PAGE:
## Applying Comparison Operators to DataFrame - p.12 Data Analysis with Python and Pandas Tutorial

Welcome to part 12 of the Data Analysis with Python and Pandas tutorial series. In this tutorial, we're goign to talk briefly on the handling of erroneous/outlier data. Just because data is an outlier, it does not mean it is erroneous. A lot of times, an outlier data point can nullify a hypothesis, so the urge to just get rid of it can be high, but this isn't what we're talking about here.

What would an erroneous outlier be? An example I like to use is when measuring fluctuations in something like, say, a bridge. As bridges carry weight, they can move a bit. In storms, that can wiggle about a bit, there is some natural movement. As time goes on, and supports weaken, the bridge might move a bit too much, and eventually need to be reinforced. Maybe we have a system in place that constantly measures fluctuations in the bridge's height. Some distance sensors use lasers, others bounce sound waves. Whichever you want to pretend we're using, it doesn't matter. We'll pretend sound waves. The way these work is they emit sound waves from the trigger, which then bounce of the object in front, coming back to the receiver. From here, amount of time for this entire operation to occur is accounted for. Since the speed of sound is a constant, we can extrapolate from the time this process took, the distance the sound waves traveled. The problem is, this is only a measure of how far the sound waves traveled. There is no 100% certainty that they went to the bridge and back, for example. Maybe a leaf fell just as the measurement was being taken and bounced the signal around a bunch before it got back to the receiver, who knows. Let's say, for example though, you had the following readings for the bridge:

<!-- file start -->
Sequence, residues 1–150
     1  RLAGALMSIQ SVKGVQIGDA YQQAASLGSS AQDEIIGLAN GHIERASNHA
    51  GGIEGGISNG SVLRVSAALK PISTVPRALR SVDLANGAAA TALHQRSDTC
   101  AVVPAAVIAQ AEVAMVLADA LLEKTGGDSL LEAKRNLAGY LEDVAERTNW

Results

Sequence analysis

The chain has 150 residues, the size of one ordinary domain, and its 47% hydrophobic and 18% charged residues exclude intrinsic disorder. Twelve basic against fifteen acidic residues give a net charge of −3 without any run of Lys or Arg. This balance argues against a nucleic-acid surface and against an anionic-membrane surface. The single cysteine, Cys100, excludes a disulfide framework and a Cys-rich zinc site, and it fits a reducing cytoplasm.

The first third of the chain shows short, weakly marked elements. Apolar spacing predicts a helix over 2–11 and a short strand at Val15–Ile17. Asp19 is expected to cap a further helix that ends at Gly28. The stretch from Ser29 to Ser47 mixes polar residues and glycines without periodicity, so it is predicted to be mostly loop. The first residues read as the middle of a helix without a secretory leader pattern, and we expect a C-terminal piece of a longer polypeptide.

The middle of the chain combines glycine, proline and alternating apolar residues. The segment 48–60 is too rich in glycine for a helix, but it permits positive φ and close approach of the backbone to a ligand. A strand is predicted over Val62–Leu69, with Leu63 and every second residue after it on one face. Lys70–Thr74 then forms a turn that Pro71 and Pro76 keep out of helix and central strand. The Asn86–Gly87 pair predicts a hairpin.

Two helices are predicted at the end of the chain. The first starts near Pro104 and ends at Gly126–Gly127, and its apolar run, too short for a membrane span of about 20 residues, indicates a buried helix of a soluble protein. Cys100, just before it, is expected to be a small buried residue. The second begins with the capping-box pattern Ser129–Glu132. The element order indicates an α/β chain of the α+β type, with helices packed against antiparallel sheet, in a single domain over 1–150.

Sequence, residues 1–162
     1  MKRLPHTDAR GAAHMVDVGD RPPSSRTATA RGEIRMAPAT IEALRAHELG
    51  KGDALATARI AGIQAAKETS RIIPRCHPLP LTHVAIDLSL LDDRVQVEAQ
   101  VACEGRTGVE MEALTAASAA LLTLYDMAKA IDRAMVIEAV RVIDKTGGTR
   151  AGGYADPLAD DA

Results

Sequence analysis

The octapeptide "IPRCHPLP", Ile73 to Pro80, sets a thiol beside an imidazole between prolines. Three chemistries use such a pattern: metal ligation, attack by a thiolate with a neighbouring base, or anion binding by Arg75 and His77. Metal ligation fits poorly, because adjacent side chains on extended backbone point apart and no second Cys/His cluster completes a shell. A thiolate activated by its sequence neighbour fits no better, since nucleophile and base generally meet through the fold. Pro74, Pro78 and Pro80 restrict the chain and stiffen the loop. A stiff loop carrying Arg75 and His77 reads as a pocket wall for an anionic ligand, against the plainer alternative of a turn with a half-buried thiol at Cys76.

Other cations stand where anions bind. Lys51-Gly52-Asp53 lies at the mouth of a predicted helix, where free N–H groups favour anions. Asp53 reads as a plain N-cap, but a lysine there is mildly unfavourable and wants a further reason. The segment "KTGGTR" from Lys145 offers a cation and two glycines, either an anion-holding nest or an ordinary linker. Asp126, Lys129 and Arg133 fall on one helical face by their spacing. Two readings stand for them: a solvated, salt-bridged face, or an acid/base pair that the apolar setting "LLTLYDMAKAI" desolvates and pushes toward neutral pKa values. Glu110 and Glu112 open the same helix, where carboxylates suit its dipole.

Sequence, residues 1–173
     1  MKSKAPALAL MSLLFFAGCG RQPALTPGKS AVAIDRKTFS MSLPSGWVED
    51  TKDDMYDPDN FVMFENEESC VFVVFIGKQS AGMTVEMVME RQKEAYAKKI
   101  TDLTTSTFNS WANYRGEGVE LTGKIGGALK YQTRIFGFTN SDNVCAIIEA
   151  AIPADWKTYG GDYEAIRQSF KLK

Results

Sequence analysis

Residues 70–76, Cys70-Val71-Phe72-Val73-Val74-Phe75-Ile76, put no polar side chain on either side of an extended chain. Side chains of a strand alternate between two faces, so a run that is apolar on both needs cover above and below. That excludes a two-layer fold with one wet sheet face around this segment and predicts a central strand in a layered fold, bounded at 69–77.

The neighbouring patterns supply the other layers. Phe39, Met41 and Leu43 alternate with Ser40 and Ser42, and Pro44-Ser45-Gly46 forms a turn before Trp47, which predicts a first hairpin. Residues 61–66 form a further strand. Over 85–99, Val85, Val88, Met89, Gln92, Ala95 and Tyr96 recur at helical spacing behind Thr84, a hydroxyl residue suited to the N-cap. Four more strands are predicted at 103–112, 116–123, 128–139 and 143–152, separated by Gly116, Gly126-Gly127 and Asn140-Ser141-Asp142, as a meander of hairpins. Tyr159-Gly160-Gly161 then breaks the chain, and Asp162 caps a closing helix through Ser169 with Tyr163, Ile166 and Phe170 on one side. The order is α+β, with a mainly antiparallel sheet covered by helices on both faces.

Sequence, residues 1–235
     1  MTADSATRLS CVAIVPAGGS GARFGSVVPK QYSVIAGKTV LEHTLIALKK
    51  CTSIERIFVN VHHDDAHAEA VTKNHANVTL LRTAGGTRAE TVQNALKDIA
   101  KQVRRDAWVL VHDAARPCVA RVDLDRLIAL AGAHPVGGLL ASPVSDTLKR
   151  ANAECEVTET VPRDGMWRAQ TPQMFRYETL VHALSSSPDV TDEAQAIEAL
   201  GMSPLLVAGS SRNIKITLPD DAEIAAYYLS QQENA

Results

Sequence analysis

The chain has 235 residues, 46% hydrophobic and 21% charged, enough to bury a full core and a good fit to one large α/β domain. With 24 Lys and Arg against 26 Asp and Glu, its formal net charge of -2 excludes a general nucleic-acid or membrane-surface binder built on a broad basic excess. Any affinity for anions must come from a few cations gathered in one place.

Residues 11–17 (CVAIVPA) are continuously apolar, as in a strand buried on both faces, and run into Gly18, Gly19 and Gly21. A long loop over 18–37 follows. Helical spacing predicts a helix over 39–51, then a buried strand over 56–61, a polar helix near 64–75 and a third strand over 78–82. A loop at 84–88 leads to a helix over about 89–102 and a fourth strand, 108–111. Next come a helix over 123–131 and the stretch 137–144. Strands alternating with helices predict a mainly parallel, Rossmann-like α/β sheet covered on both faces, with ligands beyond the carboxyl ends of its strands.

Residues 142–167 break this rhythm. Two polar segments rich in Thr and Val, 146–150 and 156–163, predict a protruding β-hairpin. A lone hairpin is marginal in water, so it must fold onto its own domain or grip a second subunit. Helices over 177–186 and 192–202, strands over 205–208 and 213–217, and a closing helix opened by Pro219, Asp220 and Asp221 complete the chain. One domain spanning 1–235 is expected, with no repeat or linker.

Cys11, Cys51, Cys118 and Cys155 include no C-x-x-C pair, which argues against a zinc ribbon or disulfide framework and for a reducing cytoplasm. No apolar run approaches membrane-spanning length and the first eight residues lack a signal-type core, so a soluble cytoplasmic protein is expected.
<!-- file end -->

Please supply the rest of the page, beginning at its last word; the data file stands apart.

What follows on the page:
`bridge_height = {'meters':[10.26, 10.31, 10.27, 10.22, 10.23, 6212.42, 10.28, 10.25, 10.31]}`

We can visualize this:

```import pandas as pd
import matplotlib.pyplot as plt
from matplotlib import style

style.use('fivethirtyeight')

bridge_height = {'meters':[10.26, 10.31, 10.27, 10.22, 10.23, 6212.42, 10.28, 10.25, 10.31]}
df = pd.DataFrame(bridge_height)